They say that the only true joy is a child’s joy. The child has no idea that the happiness might end. So it was with my tenure as the Southern California Regional Account Executive. I hadn’t told anyone other than my wife, but, I had no intention of trying to get back to work for Campbell-Ewald in Detroit. During the summer of 1975, I met a fellow named Bob Albright. Bob had worked for the LA office of Campbell-Ewald a number of years earlier. He was now working for the agency handling Toyota. We became good friends. As much as we could, we would trade intel about the SoCal car biz. He would stop by our office to see old friends, and pick me up for lunch. Our Summer Field Meeting was coming up in about a week when Bob showed up at my office. Hmmm. I didn’t have a lunch scheduled. My secretary, Ilene, showed Bob into my office with the commanding view of Hollywood, and the LA Basin. Bob had a big smile on his face. We started with general chit-chat. Had I forgotten a meeting that we’d set? He asked, “When are you heading back to Detroit?” I said, “Probably Sunday night. The Field Meetings start bright and early Monday morning.” Bob laughed nervously. “No,” he said, “when are you moving back there?” “Bob, I have no intention of moving back to Detroit.” The smile had left his face. “But Tom, I’m here to take your place!” “You’re here to do what????” I croaked. Perhaps it was my inability to get on my feet to strangle him, or the grotesque visage my face had become, or the frantic clutching at the stabbing pain in my chest, or maybe the fact that I was about to pass out. Bob quickly figured it out…I knew nothing of this. “Well, this is awkward,” he said. “Maybe I’d better leave,” as he headed for the door. Ilene charged into my office, sobbing. “You S.O.B.!!! You said that you’d tell me if you were ever going to leave. Mr. Byrne was here for 17 years. I’m not used to change like this.” Neither was I.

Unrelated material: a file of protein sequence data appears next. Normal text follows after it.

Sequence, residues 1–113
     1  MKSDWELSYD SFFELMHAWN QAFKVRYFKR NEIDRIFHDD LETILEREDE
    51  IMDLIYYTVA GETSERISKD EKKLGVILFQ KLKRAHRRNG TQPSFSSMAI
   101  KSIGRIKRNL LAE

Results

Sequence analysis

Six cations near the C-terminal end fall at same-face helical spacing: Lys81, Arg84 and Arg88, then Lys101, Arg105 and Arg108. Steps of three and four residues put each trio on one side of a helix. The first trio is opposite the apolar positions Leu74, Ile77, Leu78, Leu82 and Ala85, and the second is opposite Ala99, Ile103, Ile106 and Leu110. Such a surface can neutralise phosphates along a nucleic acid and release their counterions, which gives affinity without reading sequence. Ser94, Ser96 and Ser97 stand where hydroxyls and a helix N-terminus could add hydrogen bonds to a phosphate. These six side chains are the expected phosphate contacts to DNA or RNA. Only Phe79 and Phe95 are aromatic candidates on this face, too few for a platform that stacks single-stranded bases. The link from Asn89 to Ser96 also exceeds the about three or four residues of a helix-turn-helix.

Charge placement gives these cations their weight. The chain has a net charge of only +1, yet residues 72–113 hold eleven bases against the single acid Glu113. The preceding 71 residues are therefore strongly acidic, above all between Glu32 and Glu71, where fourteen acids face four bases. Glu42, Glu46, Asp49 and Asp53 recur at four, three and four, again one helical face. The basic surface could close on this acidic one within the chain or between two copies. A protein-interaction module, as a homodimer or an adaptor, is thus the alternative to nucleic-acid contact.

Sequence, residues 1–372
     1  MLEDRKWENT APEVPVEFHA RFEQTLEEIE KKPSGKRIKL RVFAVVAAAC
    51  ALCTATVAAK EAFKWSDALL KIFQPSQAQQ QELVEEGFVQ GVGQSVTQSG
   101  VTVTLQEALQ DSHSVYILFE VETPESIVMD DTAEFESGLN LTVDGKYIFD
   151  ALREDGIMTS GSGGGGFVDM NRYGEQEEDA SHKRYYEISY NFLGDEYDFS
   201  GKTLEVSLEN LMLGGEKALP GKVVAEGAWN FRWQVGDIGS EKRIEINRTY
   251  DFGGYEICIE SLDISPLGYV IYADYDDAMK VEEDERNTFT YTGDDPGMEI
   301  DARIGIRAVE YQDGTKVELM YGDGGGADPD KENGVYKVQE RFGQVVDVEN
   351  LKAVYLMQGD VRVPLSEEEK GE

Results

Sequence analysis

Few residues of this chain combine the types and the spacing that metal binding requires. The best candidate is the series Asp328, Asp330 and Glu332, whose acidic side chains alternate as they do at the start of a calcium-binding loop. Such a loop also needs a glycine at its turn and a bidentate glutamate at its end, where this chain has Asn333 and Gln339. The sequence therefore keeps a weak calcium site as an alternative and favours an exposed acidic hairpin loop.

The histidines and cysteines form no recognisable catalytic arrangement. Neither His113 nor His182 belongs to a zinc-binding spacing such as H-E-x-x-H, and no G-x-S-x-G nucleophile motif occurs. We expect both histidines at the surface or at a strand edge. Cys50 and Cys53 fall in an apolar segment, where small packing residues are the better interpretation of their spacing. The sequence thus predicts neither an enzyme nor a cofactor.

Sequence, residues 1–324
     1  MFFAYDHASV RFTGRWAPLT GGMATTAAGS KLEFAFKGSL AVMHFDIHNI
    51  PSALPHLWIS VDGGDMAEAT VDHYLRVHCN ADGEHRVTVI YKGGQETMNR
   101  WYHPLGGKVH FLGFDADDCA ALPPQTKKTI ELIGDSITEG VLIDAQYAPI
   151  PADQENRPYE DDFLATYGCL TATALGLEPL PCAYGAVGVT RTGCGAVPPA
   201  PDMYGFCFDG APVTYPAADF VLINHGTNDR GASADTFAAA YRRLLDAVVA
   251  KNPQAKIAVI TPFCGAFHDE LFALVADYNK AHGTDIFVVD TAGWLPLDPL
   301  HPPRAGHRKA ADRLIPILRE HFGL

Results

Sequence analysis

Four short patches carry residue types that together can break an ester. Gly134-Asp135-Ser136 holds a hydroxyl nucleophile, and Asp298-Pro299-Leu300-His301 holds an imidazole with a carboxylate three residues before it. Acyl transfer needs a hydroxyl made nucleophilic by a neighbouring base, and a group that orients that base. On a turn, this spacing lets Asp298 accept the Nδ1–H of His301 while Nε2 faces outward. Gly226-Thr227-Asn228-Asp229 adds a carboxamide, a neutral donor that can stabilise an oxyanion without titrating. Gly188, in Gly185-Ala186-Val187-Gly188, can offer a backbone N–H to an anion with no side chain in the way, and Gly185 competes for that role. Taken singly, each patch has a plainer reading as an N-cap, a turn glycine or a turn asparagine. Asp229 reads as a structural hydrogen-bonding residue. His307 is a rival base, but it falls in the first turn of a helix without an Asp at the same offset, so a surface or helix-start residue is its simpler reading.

I pulled myself back into my chair and called Bill Fay. Bill was the Director of Field Operations and one of those great guys who also had a keen prevarication radar. “Bill, what the HELL is going on? Bob Albright was just here to tell me he’s the new LA Field Guy.” The earpiece on my phone exploded. “Damn,” he said. “I’ll call you right back.” A ray of hope? A glint of light? A call from the governor at 11:59 PM? About ninety seconds later my phone rang. A still-teary Ilene informed me that it was Dick O’Connor, Vice Chairman of Campbell-Ewald on the phone. “Hey Tommy,” he said. This was not a good beginning. “Boy, did we screw up on this one. A great example of the right hand not knowing what the left hand was doing. Tom, we want you back here in Detroit. You’ll be working in the Chevrolet Merchandising Department here, handling, among other things, Sports Marketing for Chevy. You’re going to be a key member of our Chevy Account Team.” “But, Dick, what if I don’t want to come back to Detroit?” I asked naively. “That’s OK,” Dick said. “You can stay in LA if you want. You just won’t have a job there. You do have one here.” “Oh, since you put it that way, I guess I’ll choose employment,” I said. I was still to come in for the Field Meeting to give my California Marketing Plan reports, which everyone always thought were inflammatory and “pro-import.” A few days later, when I stepped off of the elevator into the 4th floor Campbell-Ewald lobby, I saw the giant “Our Men In The Field” poster. My picture had already been replaced with Bob’s.